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NHL lockout? It wouldn't help the LA Kings' already iffy finances

The Kings celebrate on ice on their way to a Stanley Cup. But they should get too excited. The team is losing money and the fourth NHL lockout since 1992 looms.
The Kings celebrate on ice on their way to a Stanley Cup. But they should get too excited. The team is losing money and the fourth NHL lockout since 1992 looms.
Harry How/Getty Images

There's a very good chance that, unless NHL players and owners can come to some kind of miraculous eleventh hour resolution, the league will be dealing with its fourth lockout since 1992. As points out, with each stoppage has come a bigger hit to the pro hockey schedule, culminating in the loss of the entire 2004-05 season. 

In Los Angeles, this means that the Stanley Cup-winning L.A. Kings may not enjoy the full fruits of their first season after a stirring victory. Some obvious question arise. If a lockout comes, how much will it cost the players? What will be the local ecoomic impact?

Those are relatively simple to answer. Some players, depending on where they are in their contracts (which pay out more in some years than in others), will feel some pain, although as Bleacher Report notes, a few players could head to the Kontinental Hockey League and garner reduced wages there.

The local economic impact, as we learned last year when the NBA lockout pushed the start of the season from November 1 to Christmas, is not insignificant. But as we also learned, L.A. has a nicely diversified economy and isn't ultimately dependent on the Lakers and the Clippers to get by. If an NFL team comes to town, this diversity will be even more greatly enhanced.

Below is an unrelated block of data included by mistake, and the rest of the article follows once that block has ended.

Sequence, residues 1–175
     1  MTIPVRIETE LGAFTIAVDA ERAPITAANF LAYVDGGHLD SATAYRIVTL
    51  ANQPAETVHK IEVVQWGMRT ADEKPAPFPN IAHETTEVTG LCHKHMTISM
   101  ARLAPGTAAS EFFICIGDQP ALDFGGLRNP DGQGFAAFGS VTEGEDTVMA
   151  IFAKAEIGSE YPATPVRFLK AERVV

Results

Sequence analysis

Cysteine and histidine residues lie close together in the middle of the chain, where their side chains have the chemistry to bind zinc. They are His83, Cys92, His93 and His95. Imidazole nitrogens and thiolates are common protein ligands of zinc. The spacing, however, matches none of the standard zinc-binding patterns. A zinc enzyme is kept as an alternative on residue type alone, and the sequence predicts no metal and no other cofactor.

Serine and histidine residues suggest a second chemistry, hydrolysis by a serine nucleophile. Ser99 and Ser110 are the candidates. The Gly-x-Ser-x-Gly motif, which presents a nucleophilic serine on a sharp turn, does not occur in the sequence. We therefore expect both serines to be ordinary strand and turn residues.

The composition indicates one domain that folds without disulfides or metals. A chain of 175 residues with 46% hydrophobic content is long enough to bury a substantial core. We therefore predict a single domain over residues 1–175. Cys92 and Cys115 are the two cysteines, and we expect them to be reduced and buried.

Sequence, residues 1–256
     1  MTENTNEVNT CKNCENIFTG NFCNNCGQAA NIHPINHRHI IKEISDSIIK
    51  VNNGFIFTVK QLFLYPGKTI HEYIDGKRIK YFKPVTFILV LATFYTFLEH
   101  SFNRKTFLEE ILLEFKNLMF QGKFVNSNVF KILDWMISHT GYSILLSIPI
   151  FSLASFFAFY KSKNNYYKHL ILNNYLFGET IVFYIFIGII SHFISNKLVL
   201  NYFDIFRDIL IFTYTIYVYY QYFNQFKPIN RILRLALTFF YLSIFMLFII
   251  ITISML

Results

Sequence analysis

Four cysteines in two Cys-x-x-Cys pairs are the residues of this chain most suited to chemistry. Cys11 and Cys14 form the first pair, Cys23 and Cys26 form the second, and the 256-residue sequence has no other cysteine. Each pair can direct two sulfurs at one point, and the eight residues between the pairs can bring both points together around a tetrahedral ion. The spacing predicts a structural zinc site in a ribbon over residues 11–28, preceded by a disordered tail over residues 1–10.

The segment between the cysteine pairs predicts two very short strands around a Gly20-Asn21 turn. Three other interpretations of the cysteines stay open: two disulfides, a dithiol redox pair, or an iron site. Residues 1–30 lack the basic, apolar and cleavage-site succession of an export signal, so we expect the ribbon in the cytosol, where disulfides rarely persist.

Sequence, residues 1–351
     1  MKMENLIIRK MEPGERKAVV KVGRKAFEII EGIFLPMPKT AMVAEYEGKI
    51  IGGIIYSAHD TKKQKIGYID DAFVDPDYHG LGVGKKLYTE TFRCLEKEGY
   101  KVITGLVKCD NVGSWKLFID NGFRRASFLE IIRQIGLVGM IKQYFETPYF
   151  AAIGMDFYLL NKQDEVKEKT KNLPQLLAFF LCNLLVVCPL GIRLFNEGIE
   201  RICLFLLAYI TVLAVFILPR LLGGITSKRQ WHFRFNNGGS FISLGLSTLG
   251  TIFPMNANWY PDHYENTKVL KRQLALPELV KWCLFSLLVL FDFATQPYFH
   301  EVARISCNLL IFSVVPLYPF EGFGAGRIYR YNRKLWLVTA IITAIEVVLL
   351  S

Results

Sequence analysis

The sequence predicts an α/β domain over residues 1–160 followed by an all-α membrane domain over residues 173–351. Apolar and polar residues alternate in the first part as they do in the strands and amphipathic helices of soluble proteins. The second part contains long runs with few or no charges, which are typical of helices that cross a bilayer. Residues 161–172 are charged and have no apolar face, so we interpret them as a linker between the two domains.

A more worrisome question is: "What will this do to the fortunes of the Kings?" 

As NHL teams go, the Kings aren't in great shape. There were rumors, reported last May by the N.Y. Post, that AEG, which owns the Kings, wanted to unload the team. AEG's Phil Anschutz, along with partner/rival Ed Roski, bought the team close to two decades ago for $113 million. Now, all around him, Southern California pro sports teams are selling for big money. The Dodgers for more than $2 b-b-billion. The Padres for $800 million. Okay, those are baseball teams. But a Stanley Cup-winning hockey team has to be worth a few hundred million, right?

There's certainly every chance that AEG and Anschutz may need to spend some money to attract an NFL franchise to L.A. in order to secure the future of a new downtown football stadium adjacent to Staples Center. And selling his half of the Kings would allow Anschutz to concentrate on having a proper rivalry with Roski, who had his own competing plan for an L.A. NFL stadium to be built in City of Industry, east of L.A.

But besides all that, the Kings' financials don't look all that great, at least on paper. Forbes rankes them as the tenth most valuable NHL team, at $232 million. For comparison, the number one team, the Toronto Maple Leafs, is worth $521 million. The number nine team, the Pittsburgh Penguins is worth $264 million. But both the Maple Leafs and the Penguins have a far lower debt-to-value ratio than the Kings. The Leafs are at 25 percent, the Penguins at 38 percent. The Kings? They're at 66 percent. That means two-thirds of the Kings total value is effectively mortgaged to creditors.

Meanwhile, the Leafs had an operating income of $82 million in 2011. The Penguins lost money — $200,000 — but the Kings lost ten times more: $2 million. In fact, the Kings lost far more in money in 2011 than any other NHL team in the Forbes top ten. Overall, as top ten NHL teams go, the Kings' financials look the worst.

Speaking of Forbes, one of their sports-business guys, Chris Smith, argues that the Kings shaky finances would only be compounded in their negative impact by a lost season, which could see even a championship team get lost amid all the other teams that play in and around L.A. 

Losing money is nothing new for the Kings. Back in 2003, the L.A. Times reported on an unusual audit that a season ticket holder was able to undertake. In that article, the Times said that the Kings were on track to have lost well over $100 million dollars since the Anschutz purchase in 1995. And the piece countered the suspicion that the Kings' history of losses was a type of tax shelter. It seems that the team has usually lost money just's lost money.

The Kings gave Los Angeles much to cheer about by bringing a Stanley Cup to the city for the first time. Unfortunately, that good Karma on ice may now be wasted, as a lockout looms. In which case fans can go back back to worrying less about the Kings' trophy case and more about its bottom line.

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